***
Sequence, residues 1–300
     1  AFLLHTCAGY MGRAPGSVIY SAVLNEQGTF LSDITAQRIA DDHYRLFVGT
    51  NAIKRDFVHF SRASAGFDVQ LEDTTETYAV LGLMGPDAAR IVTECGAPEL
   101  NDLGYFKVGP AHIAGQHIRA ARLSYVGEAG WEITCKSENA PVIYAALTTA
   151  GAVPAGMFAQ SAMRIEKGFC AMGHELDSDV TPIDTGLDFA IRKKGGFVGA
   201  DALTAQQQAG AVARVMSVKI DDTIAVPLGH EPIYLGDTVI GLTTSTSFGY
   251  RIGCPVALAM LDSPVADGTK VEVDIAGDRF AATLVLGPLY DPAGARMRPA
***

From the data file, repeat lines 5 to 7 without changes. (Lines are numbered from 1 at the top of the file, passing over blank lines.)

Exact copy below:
   151  GAVPAGMFAQ SAMRIEKGFC AMGHELDSDV TPIDTGLDFA IRKKGGFVGA
   201  DALTAQQQAG AVARVMSVKI DDTIAVPLGH EPIYLGDTVI GLTTSTSFGY
   251  RIGCPVALAM LDSPVADGTK VEVDIAGDRF AATLVLGPLY DPAGARMRPA